“Like many people in finance, we were having a lot of trouble hiring women,” he said during the opening panel discussion on Tuesday. “It was a male-dominated business and we made a decision to change that in 2015.
“We analyzed it and what we realized is that women weren’t applying to Blackstone. We tried to find out why and we found out that they were scared of us. I don’t think I’m very scary.”
Ana Botin, chairperson of Banco Santander, was the only woman on the eight-person panel, although there were female speakers at the opening of the forum.
As the first day of the event was ending, Saudi Aramco announced deals that will help it become more sustainable and environmentally friendly.
CEOs, investors and policymakers debate how to ‘invest in humanity’ at FII conference in Riyadh
Future Investment Initiative summit to identify avenues for contributing in a way that creates both value and impact
Annual event provides platform for global leaders, investors and innovators to explore solutions to society’s challenges
Updated 26 October 2021
RIYADH: At the first Future Investment Initiative (FII) forum in Riyadh in 2017, one of the attending billionaire entrepreneurs urged Saudi Arabia, then just embarking on the Vision 2030 strategy of transformation, to follow the example of Nike and “just do it.”
On Tuesday, at the start of the fifth FII, the Kingdom, and the FII itself, has certainly gone for “it” in a big way.
Despite the challenges of the pandemic and other global issues, in the past five years there has been a big change in the Saudi economic scene, with the pace of the Vision transformation accelerating as social, cultural and economic measures take effect in the Kingdom.
The FII itself has also undergone a transformation, becoming a permanent institute and a fixture on the international forum scene, though still under the auspices of the Public Investment Fund (PIF), Saudi Arabia’s multi-billion-dollar sovereign wealth fund.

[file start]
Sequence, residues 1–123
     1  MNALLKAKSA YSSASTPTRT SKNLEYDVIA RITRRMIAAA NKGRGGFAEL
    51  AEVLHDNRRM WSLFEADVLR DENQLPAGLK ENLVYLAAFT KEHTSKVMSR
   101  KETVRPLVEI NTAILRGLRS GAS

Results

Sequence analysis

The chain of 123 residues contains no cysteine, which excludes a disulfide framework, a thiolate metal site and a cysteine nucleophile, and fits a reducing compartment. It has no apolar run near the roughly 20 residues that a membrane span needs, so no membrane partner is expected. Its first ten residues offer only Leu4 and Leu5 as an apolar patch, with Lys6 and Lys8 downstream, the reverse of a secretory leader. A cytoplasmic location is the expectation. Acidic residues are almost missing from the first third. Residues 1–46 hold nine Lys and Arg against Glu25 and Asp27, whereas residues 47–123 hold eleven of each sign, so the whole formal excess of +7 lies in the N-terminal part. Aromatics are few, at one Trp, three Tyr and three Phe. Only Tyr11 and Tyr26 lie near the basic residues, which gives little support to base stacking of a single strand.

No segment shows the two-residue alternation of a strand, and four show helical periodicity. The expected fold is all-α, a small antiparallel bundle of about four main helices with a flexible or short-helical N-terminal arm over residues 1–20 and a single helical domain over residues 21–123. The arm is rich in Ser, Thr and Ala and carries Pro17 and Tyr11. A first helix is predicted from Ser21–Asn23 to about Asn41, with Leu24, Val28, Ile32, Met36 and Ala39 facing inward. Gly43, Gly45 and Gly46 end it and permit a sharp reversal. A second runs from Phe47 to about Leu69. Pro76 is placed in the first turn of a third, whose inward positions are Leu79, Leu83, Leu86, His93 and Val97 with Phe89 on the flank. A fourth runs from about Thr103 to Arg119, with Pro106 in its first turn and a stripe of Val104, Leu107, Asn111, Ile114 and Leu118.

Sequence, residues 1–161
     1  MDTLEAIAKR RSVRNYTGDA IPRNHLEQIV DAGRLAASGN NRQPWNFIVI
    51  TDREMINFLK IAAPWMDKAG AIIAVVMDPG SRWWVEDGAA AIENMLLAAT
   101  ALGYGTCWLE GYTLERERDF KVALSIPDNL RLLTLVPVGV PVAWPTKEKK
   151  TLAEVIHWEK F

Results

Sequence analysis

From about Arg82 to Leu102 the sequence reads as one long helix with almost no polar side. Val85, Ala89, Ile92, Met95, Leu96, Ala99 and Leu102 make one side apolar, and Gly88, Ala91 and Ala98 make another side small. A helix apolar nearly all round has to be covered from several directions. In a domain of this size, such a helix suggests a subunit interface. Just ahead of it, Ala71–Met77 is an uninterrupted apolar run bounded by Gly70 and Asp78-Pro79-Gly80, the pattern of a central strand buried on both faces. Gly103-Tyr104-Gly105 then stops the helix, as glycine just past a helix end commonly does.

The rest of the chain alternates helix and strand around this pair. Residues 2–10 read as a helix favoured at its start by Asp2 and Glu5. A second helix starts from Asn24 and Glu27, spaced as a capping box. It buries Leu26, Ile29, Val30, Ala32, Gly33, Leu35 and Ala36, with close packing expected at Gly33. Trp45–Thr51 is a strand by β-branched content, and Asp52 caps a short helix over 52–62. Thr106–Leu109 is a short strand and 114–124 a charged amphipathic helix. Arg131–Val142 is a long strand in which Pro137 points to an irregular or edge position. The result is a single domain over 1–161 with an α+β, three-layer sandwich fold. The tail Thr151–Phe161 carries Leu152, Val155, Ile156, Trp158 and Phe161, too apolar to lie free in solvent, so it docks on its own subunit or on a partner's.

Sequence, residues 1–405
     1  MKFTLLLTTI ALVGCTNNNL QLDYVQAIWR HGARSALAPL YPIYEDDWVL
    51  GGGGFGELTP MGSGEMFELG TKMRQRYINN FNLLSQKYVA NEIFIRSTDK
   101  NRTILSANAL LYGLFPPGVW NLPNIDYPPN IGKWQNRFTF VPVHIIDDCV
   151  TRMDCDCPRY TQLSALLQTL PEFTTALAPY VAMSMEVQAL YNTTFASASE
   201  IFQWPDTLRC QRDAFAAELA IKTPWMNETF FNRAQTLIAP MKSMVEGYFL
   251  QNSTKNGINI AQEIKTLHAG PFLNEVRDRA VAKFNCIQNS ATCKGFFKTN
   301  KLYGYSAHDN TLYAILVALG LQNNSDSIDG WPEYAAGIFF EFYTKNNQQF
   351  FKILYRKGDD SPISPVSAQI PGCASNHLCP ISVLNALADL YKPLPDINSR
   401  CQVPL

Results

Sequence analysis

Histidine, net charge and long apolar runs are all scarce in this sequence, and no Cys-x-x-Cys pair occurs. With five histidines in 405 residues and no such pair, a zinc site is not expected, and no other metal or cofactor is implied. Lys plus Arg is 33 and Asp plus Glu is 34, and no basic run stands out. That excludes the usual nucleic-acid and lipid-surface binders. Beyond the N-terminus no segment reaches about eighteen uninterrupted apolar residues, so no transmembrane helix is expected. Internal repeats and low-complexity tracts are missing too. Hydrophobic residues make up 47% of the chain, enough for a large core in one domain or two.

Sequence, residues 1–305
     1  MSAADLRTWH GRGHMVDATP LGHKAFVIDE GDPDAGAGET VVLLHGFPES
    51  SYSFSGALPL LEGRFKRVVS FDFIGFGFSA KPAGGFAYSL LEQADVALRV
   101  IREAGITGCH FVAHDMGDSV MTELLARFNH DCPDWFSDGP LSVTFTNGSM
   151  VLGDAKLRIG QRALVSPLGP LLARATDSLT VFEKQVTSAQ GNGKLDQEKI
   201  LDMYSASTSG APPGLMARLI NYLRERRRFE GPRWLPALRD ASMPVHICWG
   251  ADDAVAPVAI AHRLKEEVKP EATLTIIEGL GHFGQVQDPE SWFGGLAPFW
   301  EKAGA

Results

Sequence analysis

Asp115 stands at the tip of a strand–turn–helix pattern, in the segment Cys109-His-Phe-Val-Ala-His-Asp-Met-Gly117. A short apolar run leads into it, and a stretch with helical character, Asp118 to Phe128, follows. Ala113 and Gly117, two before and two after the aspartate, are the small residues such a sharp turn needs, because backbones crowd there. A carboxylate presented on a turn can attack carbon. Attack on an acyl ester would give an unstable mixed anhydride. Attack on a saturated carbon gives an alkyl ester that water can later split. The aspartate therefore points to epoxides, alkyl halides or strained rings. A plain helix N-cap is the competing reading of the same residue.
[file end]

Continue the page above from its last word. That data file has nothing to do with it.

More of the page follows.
At the first FII, as billionaires, entrepreneurs and senior policymakers from around the world made their way to the Ritz-Carlton, Riyadh, and the adjoining King Abdulaziz Conference Center, some smart commentator with an eye for a catch-phrase came up with “Davos in the Desert” to describe the scene.
Despite the annoyance of the World Economic Forum, which organizes the extravaganza in the Swiss mountains, the phrase stuck, and FII has increasingly taken on the trappings of the annual Alpine gathering.
Among the nearly 4,000 attendees were such luminaries as then-IMF Managing Director Christine Lagarde, US Treasury Secretary Steven Mnuchin, and Larry Fink, chief executive of giant investment group BlackRock, who remains a regular at FII — all inquisitive to learn details of the Vision 2030 strategy Crown Prince Mohammed bin Salman had unveiled the previous year.
The crown prince set the tone for the event, and for subsequent years, with a keynote speech that unveiled the central message of what life would be like in the Saudi Arabia of the Vision 2030 era.
He promised a “return to moderate Islam that is open to all religions,” and to eradicate promoters of extremist thoughts, adding: “We are returning to what we were before — a country of moderate Islam that is open to all religions and to the world.”
The show-stealer of that first forum was Masayoshi Son, the chairman and CEO of Japan’s SoftBank. Earlier in the year, Son had unveiled the Vision Fund, the biggest start-up investment enterprise in the world, with a budget of $100 billion — including $45 billion from the PIF — to invest in cutting-edge technology that would transform the world.
Sharing a stage with Sophia the Android, the first robot to be “awarded” Saudi citizenship in a light-hearted ceremony, Son told the audience: “Every industry will be redefined. These computers, they will learn, they will read, they will see by themselves. That’s a scary future but anyway that’s coming,” he said.
The first FII was also notable for two other landmark announcements which have left an enduring mark on the Saudi economy and the global investment scene.
Crown Prince Mohammed bin Salman unveiled the master concept of NEOM, the $500 billion city-of-the-future to be built in the northwest of the Kingdom, which has since become the flagship project of the Vision 2030 strategy.
Carbon neutral and sustainable, the new metropolis would be served by an army of robots and driven by state-of-the-art digital technologies and artificial intelligence.